As a mom, you made the decision to breastfeed, and you and your baby will be the best judge of when it’s time to wean. The American Academy of Pediatrics recommends that moms breastfeed for at least a year, and despite what anyone else says, there’s no right or wrong time to wean. When you and your baby are ready, we’ve got tips to make weaning as smooth as possible.
- Don’t Offer, Don’t Refuse. One of the most common approaches to gently wean you child is the “don’t offer, don’t refuse” method. It’s just like it sounds, where you don’t offer to nurse, but you also don’t refuse your child when he or she wants to nurse. This method can take some time to wean completely, but makes the transition easiest for children. However, if this is too gradual for your liking, try considering other options.
- Take it Slowly. Going “cold turkey” can be challenging for your little one, emotionally draining for you, and may lead to uncomfortable and serious physical complications. Removing one feeding at a time can help. For example, try removing the nap-time feeding first. When that’s ok, remove the morning nurse session. And if that goes well, tackle the night-time feeding.
- Replace or Distract. Try to anticipate when your little one will want to nurse and plan distractions or substitutions that he or she enjoys. For example, during a routine feeding time, offer your baby’s favorite snack or game instead. Also, consider scheduling a play date during that time.
- Change the Routine. We’re all creatures of habit, and when nursing is part of your child’s routine, it can be hard to wean. But if you switch the routine, it can be easier. Instead of bringing them to bed with you, cuddle for 10 minutes with them in a rocking chair. Or read together on the couch instead of in bed.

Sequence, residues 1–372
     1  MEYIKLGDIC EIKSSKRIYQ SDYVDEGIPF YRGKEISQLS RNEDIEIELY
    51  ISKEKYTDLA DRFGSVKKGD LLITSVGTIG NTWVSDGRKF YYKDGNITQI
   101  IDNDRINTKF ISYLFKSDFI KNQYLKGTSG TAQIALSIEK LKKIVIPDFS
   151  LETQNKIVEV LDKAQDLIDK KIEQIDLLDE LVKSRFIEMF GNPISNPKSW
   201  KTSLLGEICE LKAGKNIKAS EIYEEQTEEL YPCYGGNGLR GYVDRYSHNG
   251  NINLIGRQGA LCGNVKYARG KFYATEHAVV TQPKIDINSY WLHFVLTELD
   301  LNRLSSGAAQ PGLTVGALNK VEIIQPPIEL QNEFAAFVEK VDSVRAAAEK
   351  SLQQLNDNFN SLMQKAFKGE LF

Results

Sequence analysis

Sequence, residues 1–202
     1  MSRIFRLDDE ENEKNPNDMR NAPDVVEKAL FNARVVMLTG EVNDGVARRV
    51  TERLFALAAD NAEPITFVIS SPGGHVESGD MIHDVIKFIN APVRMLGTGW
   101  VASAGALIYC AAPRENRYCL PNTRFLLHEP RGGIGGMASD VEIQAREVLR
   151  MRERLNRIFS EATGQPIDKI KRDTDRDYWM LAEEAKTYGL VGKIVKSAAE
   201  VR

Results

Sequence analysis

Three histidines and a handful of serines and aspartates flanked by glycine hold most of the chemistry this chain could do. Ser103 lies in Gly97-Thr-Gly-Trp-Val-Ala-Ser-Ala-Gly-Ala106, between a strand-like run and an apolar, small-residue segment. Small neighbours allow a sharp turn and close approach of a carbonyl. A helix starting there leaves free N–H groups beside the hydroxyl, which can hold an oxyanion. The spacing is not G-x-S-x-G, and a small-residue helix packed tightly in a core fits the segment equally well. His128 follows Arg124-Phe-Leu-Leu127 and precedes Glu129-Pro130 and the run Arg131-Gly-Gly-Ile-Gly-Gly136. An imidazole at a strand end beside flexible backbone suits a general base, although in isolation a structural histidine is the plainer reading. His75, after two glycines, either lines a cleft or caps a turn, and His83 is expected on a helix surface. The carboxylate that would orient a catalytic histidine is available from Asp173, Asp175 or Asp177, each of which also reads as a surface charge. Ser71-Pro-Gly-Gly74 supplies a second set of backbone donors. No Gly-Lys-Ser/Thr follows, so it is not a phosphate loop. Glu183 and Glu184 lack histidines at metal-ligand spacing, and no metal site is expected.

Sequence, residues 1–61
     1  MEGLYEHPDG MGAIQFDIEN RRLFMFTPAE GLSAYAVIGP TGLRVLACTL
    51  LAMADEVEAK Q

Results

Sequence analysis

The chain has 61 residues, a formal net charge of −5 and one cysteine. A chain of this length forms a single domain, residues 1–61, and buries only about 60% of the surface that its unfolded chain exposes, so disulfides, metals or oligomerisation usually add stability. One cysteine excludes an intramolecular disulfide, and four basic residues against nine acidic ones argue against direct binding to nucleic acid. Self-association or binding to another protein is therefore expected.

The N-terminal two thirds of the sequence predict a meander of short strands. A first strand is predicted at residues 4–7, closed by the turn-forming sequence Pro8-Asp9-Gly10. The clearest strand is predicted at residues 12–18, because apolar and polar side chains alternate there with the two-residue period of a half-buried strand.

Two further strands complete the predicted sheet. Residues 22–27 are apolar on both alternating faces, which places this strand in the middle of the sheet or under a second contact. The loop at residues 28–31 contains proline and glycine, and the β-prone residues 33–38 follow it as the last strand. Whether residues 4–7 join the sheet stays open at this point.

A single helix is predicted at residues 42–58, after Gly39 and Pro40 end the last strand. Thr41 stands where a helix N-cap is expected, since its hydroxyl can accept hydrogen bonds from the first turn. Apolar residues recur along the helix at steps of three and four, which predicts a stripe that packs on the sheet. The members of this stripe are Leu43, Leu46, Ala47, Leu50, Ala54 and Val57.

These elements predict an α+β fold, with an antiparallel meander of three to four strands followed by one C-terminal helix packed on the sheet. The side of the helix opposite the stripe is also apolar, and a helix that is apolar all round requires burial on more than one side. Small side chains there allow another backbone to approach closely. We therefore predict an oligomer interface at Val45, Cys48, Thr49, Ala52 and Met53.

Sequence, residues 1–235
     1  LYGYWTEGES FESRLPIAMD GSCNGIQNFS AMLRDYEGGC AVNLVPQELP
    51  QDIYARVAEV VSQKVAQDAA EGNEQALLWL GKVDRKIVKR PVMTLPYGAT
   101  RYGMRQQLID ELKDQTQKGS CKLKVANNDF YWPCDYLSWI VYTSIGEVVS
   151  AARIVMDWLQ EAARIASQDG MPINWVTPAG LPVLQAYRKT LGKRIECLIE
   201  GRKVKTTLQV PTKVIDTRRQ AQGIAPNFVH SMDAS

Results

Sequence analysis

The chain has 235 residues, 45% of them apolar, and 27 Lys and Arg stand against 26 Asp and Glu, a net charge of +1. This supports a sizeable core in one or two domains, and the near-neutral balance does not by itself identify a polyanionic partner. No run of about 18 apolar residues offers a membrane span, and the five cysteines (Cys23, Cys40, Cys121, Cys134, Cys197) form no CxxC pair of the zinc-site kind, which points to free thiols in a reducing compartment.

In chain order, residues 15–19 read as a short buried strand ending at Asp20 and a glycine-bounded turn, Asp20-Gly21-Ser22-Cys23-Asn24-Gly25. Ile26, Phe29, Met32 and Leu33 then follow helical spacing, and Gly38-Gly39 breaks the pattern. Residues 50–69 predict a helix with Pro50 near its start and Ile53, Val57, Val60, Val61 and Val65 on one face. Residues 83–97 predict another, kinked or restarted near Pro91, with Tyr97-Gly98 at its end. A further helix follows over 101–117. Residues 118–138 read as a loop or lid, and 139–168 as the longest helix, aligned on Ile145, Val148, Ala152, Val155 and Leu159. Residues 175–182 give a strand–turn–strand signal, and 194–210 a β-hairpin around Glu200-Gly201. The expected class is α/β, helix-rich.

- Get Your Partner Involved. Many children have the hardest time letting go of their night-time nursing session. If you’re finding this is true for your little one, try having your partner put them to bed instead.
- Don’t Cut Out Cuddle Time. Your baby may nurse as much for comfort as they are for nutrition. It feels good for you and your child to cuddle up and enjoy quiet time. So, when you decide to begin weaning, it’s important to continue dedicating some time to cuddle, read quietly, or rock in a favorite chair.
- Shorten or Postpone. By adjusting the amount of time you spend nursing or by delaying it, you can gradually help your baby grow less interested in breastfeeding. If your little one asks to nurse, you can either say “not now, but later,” or “only for a few minutes.” The hope is that later they will get busy and forget about their desire to breastfeed, or they will grow more comfortable nursing for a shorter amount of time.
- You Can Say No. It’s important for your own sake to give yourself the freedom to say “no.” While you want to respect your child’s feelings and desires, you should also do what works for you. This is especially true when your little one gets a little older and has a tendency to pinch, roughhouse or otherwise be forceful with your breasts. If you want to say “no” to nursing, it doesn’t make you a bad mom!
- Plan Around Big Events. Plan to wean during a big event like a vacation. You can prep for it in the days before your vacation by removing a couple of nursing sessions, then by the time the vacation rolls around, you can stop entirely. This is the ultimate distraction and change of routine for both you and your little one, and can help make what can be a challenging time into an exciting time.
- You Can Be Sad. It’s important to give yourself permission to be sad. It’s completely normal for you to feel a mix of emotions surrounding the weaning process. After all, you are losing those intimate moments with your child that nursing has provided. But, while it’s ok to be sad, remember to celebrate this new stage of life your baby is entering. There are so many exciting moments to look forward to.
Do you have any good tips for weaning your child? Share in the comments below.